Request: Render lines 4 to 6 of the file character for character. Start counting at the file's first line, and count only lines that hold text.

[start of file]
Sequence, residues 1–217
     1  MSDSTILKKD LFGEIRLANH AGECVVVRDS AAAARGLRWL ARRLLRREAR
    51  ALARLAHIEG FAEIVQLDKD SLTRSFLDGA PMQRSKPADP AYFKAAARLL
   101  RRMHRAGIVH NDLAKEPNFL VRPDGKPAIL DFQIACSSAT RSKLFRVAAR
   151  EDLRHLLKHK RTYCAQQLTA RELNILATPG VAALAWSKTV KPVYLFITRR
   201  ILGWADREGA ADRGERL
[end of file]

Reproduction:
   101  RRMHRAGIVH NDLAKEPNFL VRPDGKPAIL DFQIACSSAT RSKLFRVAAR
   151  EDLRHLLKHK RTYCAQQLTA RELNILATPG VAALAWSKTV KPVYLFITRR
   201  ILGWADREGA ADRGERL